Siren Call to Community
Mark Seymour reflects on the 2009 bushfires in rural Victoria.
Author: Mark Seymour, Brisbane Times.
Date: 15 February 2009.
The road to Jeremal Creek runs out across the valley to where the forest starts at the foot of Mount Mittamatite. In January ’62 we moved into the last house in the street, just before the bush started.
Mum and Dad were teachers who’d been posted to Corryong High School where the kids were bused in from the mountains. Their dads were building the Snowy Hydro.
The mountains were all around us. They loomed on the horizon, great blue walls of towering mountain ash, capped with snow in winter when the water froze on the ground, and the fire in the slow-combustion stove was all we had to keep the house warm. In summer the forest was brown dry, so dry you could smell the eucalyptus evaporate on the air when the hot wind blew in from the north, straight down the face of the mountain, across the valley and over the town.
Corryong was just a village then but it was growing. The high school was new, built for all the migrant workers who were living up on the plains. There was a town hall, too. We went there on Saturdays to watch Tarzan. And there were the shops, Bacash’s Emporium, the Court House Hotel, the police station, the tennis courts, the footy oval and the fire station on Main Street.
In January the heat was cruel. We played under the hose. I sat in the dust in the late afternoon on the edge of the road and watched the CFA tankers belt down to the creek to fill up. Being there, high up on the edge of the alps, near the source of the great Murray River, it was like another country. Alien and wild. We were city people.
The first time I heard the town siren I ran inside. It was a deep mournful roar that swept over the valley. There was no escaping it.
There was a fire, Mum said. A bushfire. What was that? The siren brought cars flying into the middle of town, dads rushing out of front doors, yelling at their kids.
One night after dinner Dad called to us from out on the street. Come and see this. We rushed outside. He was pointing up at the mountain.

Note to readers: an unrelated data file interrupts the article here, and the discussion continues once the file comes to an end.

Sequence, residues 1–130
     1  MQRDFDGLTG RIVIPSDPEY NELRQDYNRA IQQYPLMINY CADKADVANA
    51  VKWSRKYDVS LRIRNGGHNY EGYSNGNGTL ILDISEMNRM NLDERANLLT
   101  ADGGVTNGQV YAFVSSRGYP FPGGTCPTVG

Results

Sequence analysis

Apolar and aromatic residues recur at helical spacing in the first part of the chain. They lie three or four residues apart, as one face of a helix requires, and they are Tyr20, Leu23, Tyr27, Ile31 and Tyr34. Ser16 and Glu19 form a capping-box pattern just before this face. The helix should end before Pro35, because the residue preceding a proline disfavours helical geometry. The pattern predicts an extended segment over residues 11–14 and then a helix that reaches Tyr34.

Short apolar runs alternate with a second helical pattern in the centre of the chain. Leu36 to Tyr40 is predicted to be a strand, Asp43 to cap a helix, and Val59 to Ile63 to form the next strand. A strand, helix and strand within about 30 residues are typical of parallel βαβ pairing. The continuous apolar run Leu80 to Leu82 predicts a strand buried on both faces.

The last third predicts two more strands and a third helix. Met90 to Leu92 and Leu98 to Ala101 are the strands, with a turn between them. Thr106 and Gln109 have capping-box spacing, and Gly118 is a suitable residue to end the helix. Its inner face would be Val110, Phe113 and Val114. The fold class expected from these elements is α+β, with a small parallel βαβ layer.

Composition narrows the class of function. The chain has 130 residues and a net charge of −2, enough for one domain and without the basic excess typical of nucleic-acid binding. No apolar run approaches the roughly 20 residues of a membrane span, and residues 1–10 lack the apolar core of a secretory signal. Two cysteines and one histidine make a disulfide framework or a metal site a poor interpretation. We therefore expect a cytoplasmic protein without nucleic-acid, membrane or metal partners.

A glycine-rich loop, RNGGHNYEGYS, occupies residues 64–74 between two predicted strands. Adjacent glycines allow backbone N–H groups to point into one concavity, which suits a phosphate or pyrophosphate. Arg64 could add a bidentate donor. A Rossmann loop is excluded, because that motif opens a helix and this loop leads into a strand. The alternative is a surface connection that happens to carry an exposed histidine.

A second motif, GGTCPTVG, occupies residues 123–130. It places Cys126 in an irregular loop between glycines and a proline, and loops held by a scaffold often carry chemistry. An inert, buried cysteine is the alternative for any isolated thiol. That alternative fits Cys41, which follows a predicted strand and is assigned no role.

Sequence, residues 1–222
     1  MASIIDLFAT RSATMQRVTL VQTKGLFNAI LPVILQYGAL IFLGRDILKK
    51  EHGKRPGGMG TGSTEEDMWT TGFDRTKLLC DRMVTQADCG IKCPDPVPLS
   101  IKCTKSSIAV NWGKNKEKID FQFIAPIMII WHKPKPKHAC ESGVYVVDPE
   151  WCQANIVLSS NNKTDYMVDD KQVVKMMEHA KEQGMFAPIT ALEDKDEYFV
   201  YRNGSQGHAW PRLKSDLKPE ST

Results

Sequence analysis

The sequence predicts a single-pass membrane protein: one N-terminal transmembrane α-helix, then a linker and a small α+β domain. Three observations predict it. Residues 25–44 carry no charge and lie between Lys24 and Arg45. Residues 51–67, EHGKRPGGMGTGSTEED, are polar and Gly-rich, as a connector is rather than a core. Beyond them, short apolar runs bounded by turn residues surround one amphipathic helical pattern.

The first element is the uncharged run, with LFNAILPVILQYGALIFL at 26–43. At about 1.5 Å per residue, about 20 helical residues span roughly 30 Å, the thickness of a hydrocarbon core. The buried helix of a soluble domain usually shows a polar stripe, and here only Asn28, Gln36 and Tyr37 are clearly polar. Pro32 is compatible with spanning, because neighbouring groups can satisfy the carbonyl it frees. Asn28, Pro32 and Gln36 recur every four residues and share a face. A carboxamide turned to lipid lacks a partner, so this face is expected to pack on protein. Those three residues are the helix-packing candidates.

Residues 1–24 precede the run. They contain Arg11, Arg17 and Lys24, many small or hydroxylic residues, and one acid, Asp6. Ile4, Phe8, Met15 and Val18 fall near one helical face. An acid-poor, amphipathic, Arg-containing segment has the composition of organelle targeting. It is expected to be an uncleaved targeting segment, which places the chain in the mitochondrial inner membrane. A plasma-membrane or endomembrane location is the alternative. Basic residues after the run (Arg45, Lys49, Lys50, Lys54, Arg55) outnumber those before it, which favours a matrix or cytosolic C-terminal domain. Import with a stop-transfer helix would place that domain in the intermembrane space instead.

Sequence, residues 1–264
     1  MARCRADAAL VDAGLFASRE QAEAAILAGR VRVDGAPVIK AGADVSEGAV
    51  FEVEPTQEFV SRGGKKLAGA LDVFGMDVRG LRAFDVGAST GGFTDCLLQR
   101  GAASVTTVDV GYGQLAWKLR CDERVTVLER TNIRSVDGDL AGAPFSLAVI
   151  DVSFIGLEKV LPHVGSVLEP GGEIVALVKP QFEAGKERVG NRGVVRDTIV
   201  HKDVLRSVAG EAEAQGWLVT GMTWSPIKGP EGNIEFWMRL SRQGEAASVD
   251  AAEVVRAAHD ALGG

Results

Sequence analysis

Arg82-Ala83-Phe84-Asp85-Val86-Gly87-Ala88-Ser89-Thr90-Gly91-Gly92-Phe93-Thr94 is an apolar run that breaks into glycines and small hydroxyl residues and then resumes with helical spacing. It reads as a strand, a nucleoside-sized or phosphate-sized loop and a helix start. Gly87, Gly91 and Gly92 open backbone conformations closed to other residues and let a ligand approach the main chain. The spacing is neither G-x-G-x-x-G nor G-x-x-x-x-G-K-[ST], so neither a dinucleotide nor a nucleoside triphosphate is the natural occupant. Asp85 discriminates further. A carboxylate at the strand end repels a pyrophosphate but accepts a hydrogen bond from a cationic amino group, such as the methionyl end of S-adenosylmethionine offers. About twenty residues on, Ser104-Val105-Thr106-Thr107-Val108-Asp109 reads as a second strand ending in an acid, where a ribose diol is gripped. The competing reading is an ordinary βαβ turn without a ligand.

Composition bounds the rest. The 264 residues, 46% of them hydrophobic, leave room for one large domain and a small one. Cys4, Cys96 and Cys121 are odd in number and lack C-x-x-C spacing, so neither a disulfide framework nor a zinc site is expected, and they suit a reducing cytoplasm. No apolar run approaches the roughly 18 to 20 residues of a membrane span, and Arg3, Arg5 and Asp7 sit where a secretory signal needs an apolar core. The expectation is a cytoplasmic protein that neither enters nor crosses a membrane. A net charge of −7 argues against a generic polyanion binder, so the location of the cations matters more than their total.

The sky should have been ablaze with stars but, instead, from above the long peak of Mount Mittamatite there was a flickering glow of orange light spreading out across the night sky. It’s the fire, Dad said, still burning. The same fire as before. That was days ago.
It was exciting. Spectacular. We stood there gazing at this strange moving light but, as the scale of the glow began to sink in, stretching almost the entire length of the range, it began to dawn on me that what we were looking at was a lot bigger than what we could see.
I looked at Mum and then Dad. There were the six of us, my two sisters, and Nick on Mum’s hip, all of us gazing up at the flickering light. How long had it been burning? The siren started last Tuesday.
Was it Tuesday? Wasn’t it Monday? Could’ve been. Gradually the talking stopped. I looked up at Dad. He was frowning, silent. What did that mean? There was fear in that silence and the faint smell of smoke, too, as the wind picked up. We were looking at something we didn’t understand. Dad sent us inside then.
I went to bed wondering why there was a fire. Did someone light it? Was it meant to be there? Was it normal? At 3am the siren started again. I heard the trucks go past heading down to the creek and then back. Mum and Dad were up. They were talking quietly in the kitchen.
I went to school the next day. My first day. Mum walked me up the hill with my sisters. There was smoke up behind the town hall at the other end of the town. Later they said Mount Elliot had caught fire, from ash that had blown across the valley. It had stayed airborne until it met the hills on the other side, five kilometres away, where it ignited the trees and brought the firefighters rushing home to defend the town.
We moved to Healesville a year later. While we waited for the removal van to catch up, Dad rang the insurance company. There was fire glowing to the north-east and the sirens were going off again.
We kept moving. That’s what teachers did then. Beaufort, Yarra Junction, Boort, Benalla. We got used to the sirens. When we arrived it was always at the height of the fire season. The fires were always there. Every year.
And as we moved from town to town we came to realise country people understood something very basic about their relationship with the land. It was about respect. Bushfires commanded it. They were nature in its purest form and they were as natural as the dawn itself. Every town knew how to defend itself. Fire defence was as much a part of the community as the local football team. Hell, half the team were in it.
The threat of bushfires is fundamental to life in country Australia. They threaten and they destroy life, sometimes even human life, but they also unite people. There is something strangely comforting about the siren in the country town.
Even though it warns us of danger, it is also the sound of the community preparing itself for the worst; that underlying all of the day-to-day routine of life there is an understanding that we are ready to help each other when catastrophe strikes.
Mark Seymour was the singer-songwriter with Hunters & Collectors and now has a solo career. Born in Benalla, he grew up in areas affected by bushfires.